We don’t spend enough time with people outside our own little silos.
I’m guilty, too.
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The 101-year-old philanthropic foundation arranged for about 6,000 people to gather in small groups around the region with no agenda other than to make new connections and foster civic engagement. And to do it over a meal.
Gilberto Gonzalez, 55, an award-winning artist and activist from the Spring Garden area, was the first to arrive. We follow each other on social media but had never met in person. Because he has a son at Benjamin Franklin High School, which closed Oct. 1 because of asbestos contamination, we had plenty to discuss. As we chatted, Lisa Haver, a retired Philadelphia teacher-turned-education activist, arrived. She and Gonzalez shook hands and started chatting immediately.
Next up was Zachary Marcus Cesare Harris, president and chief executive of Ikavina Wine and Spirits, who arrived bearing a couple bottles of his new wines, and then the Rev. Antonio Anderson of Mount Tabor Baptist Church. Angelita Byrd, a member of the Pennsylvania Human Relations Commission’s advisory council, showed up next, followed by Charlie Hills, a write-in candidate for City Council at-large. (Several other guests, including two readers I had invited, were no-shows). Phoebe Coles, a consultant for the Foundation, also stopped by.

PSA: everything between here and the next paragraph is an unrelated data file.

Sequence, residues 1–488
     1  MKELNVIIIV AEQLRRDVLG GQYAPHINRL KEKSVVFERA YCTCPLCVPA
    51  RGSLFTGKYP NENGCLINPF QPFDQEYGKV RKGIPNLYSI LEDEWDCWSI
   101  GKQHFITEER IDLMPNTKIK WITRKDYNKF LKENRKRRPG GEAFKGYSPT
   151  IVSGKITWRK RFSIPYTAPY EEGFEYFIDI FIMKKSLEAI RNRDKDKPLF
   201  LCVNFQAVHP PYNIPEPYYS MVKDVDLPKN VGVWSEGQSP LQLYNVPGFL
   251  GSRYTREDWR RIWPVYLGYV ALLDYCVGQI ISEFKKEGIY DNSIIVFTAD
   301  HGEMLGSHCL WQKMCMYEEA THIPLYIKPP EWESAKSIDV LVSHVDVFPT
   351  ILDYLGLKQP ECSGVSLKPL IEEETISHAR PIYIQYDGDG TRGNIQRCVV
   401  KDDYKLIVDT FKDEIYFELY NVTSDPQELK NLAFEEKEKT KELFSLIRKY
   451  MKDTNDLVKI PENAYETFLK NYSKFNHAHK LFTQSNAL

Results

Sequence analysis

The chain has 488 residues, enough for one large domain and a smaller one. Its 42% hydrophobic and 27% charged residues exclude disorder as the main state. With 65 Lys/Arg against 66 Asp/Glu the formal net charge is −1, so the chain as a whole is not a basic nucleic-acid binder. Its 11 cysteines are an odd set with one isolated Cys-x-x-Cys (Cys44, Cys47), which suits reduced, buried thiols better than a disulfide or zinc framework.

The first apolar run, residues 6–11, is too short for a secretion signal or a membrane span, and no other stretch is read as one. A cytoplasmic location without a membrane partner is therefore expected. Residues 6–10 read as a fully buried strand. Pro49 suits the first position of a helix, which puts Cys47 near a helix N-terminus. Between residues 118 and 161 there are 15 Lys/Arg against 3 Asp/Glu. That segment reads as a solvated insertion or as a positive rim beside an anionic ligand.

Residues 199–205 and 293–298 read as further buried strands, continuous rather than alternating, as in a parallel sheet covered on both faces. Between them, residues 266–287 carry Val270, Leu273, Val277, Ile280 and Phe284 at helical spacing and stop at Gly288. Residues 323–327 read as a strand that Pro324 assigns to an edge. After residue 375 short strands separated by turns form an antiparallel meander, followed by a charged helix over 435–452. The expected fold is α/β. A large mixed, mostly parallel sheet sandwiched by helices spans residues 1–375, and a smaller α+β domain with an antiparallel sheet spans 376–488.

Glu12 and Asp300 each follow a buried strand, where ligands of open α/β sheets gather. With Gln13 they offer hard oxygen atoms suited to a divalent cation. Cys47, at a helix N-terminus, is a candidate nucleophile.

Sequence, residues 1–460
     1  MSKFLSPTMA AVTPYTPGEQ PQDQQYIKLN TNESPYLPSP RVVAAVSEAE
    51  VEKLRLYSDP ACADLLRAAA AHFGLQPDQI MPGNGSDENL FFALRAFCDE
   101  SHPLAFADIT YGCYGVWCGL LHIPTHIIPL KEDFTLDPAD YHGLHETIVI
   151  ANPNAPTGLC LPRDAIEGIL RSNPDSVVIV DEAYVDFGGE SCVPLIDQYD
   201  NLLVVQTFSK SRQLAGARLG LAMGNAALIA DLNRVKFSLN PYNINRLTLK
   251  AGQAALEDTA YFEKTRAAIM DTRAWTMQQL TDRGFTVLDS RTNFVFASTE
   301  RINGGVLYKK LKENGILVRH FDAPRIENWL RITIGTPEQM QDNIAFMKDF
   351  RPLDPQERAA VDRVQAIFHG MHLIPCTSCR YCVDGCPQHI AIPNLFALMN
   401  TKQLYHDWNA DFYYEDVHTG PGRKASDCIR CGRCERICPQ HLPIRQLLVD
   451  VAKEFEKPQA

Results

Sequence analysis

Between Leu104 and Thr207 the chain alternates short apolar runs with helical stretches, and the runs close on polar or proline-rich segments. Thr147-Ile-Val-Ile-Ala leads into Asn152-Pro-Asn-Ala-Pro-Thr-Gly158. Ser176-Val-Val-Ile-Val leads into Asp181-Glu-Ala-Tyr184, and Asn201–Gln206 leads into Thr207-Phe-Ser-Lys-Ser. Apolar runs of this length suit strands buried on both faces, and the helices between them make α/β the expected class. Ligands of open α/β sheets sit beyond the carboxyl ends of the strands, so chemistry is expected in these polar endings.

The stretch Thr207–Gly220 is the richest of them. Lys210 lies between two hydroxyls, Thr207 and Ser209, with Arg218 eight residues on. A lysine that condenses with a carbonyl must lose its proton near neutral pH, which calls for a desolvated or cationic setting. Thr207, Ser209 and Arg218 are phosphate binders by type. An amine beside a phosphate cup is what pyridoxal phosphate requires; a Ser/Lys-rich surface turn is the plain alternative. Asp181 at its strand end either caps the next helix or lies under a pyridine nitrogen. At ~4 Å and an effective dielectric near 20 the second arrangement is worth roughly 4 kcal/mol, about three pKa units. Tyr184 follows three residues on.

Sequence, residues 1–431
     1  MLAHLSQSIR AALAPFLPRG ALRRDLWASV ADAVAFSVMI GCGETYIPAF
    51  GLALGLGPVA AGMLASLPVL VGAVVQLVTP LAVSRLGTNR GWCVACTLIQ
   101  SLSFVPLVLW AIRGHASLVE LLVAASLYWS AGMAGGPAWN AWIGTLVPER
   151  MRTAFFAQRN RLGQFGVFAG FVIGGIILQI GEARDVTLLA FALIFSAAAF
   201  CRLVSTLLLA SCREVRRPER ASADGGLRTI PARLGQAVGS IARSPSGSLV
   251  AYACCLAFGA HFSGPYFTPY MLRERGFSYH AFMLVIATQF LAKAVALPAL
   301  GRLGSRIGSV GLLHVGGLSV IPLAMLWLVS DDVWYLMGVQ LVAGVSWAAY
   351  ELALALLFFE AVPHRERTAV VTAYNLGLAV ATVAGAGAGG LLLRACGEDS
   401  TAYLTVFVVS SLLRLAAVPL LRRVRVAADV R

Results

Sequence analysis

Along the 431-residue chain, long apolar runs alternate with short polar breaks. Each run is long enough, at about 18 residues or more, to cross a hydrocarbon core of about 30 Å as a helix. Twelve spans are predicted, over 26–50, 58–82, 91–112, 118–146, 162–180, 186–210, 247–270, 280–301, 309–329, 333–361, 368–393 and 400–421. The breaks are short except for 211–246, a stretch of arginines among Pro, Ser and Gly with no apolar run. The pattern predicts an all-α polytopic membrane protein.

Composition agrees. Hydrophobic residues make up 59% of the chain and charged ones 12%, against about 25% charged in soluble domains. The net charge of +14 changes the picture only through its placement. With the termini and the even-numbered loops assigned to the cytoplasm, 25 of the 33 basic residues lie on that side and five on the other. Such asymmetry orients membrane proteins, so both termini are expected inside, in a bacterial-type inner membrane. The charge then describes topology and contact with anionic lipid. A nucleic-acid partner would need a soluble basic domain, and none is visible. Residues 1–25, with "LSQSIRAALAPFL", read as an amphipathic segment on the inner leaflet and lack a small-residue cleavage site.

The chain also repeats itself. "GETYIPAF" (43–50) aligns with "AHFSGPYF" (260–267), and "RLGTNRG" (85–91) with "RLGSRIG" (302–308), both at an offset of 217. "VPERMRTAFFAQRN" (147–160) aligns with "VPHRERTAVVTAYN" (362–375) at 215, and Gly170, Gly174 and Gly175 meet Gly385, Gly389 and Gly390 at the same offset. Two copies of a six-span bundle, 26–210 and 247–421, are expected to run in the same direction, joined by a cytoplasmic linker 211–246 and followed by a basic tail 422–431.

It helped that we dined family style. Passing platters of food around gets you talking to people you otherwise might not have. Conversation flowed as easily as the blush wine that Harris selected as we jumped from subject to subject — the asbestos situation at Ben Franklin, poverty and race, and our speculations about the verdict in the Michael White trial. (We later learned he was acquitted of killing real estate developer Sean Schellenger near Rittenhouse Square last year.) There were slightly uncomfortable moments, such as when we debated a controversial plan to open a supervised-injection site in Kensington.
“Narcan is supposed to be a great thing. Drug dealers love it," Gonzalez said of the powerful medication that can reverse an overdose. "You know why? It increases their business.”
That’s when Haver interjected, “Wait, you’re not saying that we shouldn’t save people with Narcan?"
“No, I’m not saying that at all. I’m just telling you that there’s nothing to protect the community from the increased violence [from drug dealing],” Gonzalez pointed out. “They’re only thinking of saving the lives of these people with addictions."
“These drug dealers are coming from Chester, they’re coming from New York," he added. "They make life horrible for my family in Kensington.”
Our two hours together went by very quickly.
Too quickly, really.
As dessert was served, I realized that what had started as another item on my daily to-do list had evolved into so much more.
I felt calmer. And more connected to some folks who had just been names in my social media feed.
I made a mental note to host my own On the Table-type talk sometime in the future.